MYTH - SQL Filter Order


Hi all,

Hynek at SQL Perform asked me to publish something about a myth being spread by some Microsoft specialists.



"Make sure that the order of the fields used for filtering is the same as order of these fields in the key."



Certainly the order of the filtering does NOT matter, nor in Classic, nor SQL Server. The driver does issue the filters according to the key anyway (because on classic it narrows the index tree...).


See an example below:



  "Item No.",Open,"Variant Code",Positive,"Location Code","Posting Date", "Expiration Date","Lot No.","Serial No.");

ItemLedgerEntry.SETRANGE("Lot No.",'HELLO WORLD');

ItemLedgerEntry.SETRANGE("Posting Date",WORKDATE);

ItemLedgerEntry.SETRANGE("Item No.",'70000');


IF ItemLedgerEntry.FIND('-') THEN;


With Client Monitor on (or using SQL Profiler) you would see the SQL Statement is:


SELECT  * FROM "CRONUS International Ltd_$Item Ledger Entry" WITH (READUNCOMMITTED)  

WHERE (("Item No_"='70000')) AND (("Open"=1)) AND (("Posting Date"={ts '2007-10-30 00:00:00.000'})) AND (("Lot No_"='HELLO WORLD'))

ORDER BY "Item No_","Open","Variant Code","Positive","Location Code","Posting Date","Expiration Date","Lot No.","Serial No."


Where do you see 'HELLO WORLD'? Which was the first filter applied?


As you could see the driver issues the filters in the order of the key. Actually it does not matter in what order these are in SQL Server either, but that is another story...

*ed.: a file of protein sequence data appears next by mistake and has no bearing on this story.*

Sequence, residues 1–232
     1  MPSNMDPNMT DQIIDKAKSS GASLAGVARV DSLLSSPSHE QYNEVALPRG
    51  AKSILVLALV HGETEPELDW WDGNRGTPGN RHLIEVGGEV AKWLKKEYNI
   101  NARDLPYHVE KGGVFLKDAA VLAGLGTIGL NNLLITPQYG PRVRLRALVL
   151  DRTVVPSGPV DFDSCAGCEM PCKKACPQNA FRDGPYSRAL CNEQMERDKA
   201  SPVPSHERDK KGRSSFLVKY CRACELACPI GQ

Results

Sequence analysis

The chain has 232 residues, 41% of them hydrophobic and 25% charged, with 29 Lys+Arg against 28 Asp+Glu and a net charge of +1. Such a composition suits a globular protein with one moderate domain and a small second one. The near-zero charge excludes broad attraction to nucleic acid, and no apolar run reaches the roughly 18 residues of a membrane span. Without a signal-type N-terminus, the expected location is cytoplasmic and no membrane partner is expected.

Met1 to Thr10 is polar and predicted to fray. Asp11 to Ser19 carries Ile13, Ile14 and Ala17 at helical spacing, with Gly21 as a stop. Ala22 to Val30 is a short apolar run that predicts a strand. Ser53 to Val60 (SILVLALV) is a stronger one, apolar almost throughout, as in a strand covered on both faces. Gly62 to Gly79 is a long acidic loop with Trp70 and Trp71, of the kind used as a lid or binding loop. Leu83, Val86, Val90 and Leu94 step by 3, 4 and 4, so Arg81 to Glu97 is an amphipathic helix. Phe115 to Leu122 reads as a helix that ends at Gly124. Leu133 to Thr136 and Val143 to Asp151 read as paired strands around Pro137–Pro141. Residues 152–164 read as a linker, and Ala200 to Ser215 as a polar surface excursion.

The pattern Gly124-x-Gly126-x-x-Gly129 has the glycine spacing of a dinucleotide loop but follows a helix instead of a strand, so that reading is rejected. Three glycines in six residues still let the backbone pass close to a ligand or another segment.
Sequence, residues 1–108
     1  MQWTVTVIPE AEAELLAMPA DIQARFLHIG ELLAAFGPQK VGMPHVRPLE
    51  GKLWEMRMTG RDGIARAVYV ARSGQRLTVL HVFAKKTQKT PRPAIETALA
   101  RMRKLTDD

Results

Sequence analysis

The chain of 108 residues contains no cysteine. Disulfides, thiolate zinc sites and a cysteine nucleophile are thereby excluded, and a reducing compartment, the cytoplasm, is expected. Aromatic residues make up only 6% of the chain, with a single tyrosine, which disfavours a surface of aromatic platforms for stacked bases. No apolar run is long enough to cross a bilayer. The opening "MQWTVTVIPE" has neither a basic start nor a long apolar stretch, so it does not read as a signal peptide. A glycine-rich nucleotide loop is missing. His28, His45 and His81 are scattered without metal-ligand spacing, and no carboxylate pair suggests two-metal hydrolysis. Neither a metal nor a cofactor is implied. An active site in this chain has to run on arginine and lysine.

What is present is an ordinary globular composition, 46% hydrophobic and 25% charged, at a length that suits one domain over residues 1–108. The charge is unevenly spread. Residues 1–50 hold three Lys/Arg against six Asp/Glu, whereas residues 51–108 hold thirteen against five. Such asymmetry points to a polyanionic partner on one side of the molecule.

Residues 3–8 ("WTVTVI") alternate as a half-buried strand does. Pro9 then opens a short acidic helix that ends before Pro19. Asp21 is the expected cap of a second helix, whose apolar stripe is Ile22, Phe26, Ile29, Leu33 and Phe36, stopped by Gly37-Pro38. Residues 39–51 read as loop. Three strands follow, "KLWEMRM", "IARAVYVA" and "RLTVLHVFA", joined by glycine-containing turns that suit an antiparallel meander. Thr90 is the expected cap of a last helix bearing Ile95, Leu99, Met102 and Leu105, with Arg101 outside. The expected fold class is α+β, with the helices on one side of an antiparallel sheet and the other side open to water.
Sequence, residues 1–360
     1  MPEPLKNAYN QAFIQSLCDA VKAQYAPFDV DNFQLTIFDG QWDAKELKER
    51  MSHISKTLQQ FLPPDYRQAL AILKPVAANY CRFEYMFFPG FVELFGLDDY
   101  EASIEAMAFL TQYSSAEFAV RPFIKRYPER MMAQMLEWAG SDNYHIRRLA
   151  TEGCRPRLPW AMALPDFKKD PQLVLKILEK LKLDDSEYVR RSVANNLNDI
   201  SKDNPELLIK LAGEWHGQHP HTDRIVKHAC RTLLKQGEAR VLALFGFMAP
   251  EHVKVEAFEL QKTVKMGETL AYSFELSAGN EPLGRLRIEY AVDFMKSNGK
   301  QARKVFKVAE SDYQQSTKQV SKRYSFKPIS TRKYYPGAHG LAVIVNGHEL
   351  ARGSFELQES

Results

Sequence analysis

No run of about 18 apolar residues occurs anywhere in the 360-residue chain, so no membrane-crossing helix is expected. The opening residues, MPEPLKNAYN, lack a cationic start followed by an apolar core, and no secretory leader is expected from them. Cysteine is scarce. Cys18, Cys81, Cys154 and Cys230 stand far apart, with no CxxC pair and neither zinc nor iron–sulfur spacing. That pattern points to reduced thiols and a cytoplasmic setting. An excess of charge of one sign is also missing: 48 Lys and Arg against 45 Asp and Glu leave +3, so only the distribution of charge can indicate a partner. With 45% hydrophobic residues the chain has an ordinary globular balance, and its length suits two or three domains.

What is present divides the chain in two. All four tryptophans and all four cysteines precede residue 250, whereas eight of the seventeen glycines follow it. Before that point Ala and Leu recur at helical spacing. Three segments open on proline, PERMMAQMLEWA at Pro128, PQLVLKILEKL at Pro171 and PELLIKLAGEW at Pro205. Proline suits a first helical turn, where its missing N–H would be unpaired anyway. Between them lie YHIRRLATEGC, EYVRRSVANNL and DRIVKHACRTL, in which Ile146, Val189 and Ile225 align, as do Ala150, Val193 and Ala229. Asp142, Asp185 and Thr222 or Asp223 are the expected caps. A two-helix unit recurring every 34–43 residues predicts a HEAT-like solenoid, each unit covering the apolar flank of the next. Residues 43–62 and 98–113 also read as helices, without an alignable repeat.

The code just looks tidier and nicer if you do it as they suggest, perhaps a really high price for everybody to go through all the "offending" code and correct.

Comment List
  • Question: is this true on a SQL server where IndexHinting has been turned off?

    I think I have seen a lot better performance when putting the last filter statement on the field that is first in the key. For instance, posted sales invoice line. If I do:

    setrange("line no.", 10000);

    setrange("document no.", 'XX');

    I seem to get better performance then if I put the line no. filter last.

    I have tested it several times, and it always seem to work. Now of course, it could be that the second time I run it, I take advantage of the caching that the server does, so maybe it was just an illusion :)



  • Very interesting.  Of course, it would help if MS didn't suggest this very behavior in the Tuning Navision for Better Performance doc, revision 5.  In it, they say when using SETCURRENTKEY:

    "You must set the filters following the order of the fields in the current key (holes must not be left in the key)"

  • I also always give the advice to put the filters in the order of the key, but ONLY because it is nicer to see and to review the code. (and I always add the because...)

    But it seems that most people forget the part after the "because"...